36 hours later, and they’ve brought their friend Salome to help them anoint Jesus’ body with precious oils. They’re expecting to encounter the problem of moving the huge stone from the tomb entrance, but instead they’re confused by the fact it’s been rolled away.

Were the eggs that I brought with me this morning anything like you might have expected? No!
Were they confusing? Yes.

We all know that when we discover that things aren’t quite what we’re expecting, we become uncomfortable. We cast about for something that’s what we think of as normal, or expected. If we don’t find what we’re looking for, we’re suddenly hyper-sensitive to what’s different, or new. This is a good thing – it makes us curious. It’s how we gain new experiences and is how we learn.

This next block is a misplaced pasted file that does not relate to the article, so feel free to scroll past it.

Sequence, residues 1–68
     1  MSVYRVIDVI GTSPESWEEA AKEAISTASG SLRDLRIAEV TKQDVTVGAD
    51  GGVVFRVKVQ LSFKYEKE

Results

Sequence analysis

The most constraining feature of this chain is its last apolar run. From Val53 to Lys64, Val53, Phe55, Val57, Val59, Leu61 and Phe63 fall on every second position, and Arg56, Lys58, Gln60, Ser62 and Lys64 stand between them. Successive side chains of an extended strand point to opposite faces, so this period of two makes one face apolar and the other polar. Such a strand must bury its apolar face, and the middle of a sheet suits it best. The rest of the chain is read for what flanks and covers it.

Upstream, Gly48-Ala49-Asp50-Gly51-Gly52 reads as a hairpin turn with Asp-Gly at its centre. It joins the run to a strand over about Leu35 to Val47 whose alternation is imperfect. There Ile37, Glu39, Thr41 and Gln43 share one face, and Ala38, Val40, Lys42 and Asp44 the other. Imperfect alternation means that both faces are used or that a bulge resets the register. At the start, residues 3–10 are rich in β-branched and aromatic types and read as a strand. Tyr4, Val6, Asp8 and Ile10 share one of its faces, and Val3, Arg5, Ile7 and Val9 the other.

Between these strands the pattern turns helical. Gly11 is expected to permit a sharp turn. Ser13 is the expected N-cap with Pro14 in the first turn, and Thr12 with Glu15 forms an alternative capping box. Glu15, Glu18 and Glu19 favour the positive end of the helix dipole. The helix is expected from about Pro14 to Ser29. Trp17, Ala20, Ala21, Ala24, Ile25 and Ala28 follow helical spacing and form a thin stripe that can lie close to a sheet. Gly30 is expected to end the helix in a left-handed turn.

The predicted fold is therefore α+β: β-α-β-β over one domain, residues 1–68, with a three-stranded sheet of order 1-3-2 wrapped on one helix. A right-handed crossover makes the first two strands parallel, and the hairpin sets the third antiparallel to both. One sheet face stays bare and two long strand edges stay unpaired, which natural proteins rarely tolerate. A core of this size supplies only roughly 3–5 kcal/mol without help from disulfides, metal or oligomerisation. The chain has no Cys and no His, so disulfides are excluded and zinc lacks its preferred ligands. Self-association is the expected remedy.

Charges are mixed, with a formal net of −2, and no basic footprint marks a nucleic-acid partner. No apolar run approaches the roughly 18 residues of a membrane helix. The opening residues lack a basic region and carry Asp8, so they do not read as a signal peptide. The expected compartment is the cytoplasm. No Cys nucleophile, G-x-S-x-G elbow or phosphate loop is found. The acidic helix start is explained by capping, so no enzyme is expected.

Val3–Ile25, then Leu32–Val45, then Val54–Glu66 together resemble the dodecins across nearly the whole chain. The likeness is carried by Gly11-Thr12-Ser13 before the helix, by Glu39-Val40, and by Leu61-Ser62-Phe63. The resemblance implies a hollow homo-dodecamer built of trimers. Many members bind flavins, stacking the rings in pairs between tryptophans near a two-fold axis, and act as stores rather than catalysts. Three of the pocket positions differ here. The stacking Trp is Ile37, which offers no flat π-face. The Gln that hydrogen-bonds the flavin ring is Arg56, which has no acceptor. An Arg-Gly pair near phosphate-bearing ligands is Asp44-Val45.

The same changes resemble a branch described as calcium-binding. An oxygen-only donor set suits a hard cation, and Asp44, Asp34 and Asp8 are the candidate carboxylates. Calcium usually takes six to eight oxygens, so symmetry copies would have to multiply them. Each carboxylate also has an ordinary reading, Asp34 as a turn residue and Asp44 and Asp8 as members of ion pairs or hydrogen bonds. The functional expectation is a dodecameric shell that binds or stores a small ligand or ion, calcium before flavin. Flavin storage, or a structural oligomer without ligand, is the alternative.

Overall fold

So, the women are shocked and uncomfortable, but they are also curious, so they go inside the tomb. What are they looking for inside the tomb? Jesus’ body.

What do they find? Angel… man dressed in white.
Where’s Jesus? Risen… (going to meet the disciples in Galilee).

The Angel says “Jesus isn’t here. He’s been raised from the dead. The women are to go and tell his other disciples to meet Jesus in Galilee.”

That’s the important bit… like the nice yellow, yolk in hard-boiled egg. It’s the important bit at the centre of the story. This isn’t a completely empty place, like my little wooden egg. Yes, they’re horribly disappointed, confused and shocked, but they’ve just been given a really important piece of information; they’ve learnt something so knew it’s never happened before in the history of the world. Someone has died, their friend Jesus has died, and risen to life again… resurrection!

So, what’s that important news again? Jesus is risen.
Alleluia, Christ is risen! He is risen indeed, Alleluia.